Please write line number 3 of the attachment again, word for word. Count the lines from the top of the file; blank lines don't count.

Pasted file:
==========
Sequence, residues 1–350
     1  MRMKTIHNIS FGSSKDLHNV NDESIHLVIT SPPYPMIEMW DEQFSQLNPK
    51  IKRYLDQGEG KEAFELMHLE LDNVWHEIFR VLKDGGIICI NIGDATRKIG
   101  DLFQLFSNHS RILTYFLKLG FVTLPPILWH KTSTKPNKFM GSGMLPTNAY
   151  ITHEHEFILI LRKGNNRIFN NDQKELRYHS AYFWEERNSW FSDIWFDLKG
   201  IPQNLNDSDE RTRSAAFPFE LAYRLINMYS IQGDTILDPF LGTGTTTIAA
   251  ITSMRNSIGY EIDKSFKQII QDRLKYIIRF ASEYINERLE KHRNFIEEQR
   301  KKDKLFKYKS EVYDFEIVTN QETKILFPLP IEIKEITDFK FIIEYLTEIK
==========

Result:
    51  IKRYLDQGEG KEAFELMHLE LDNVWHEIFR VLKDGGIICI NIGDATRKIG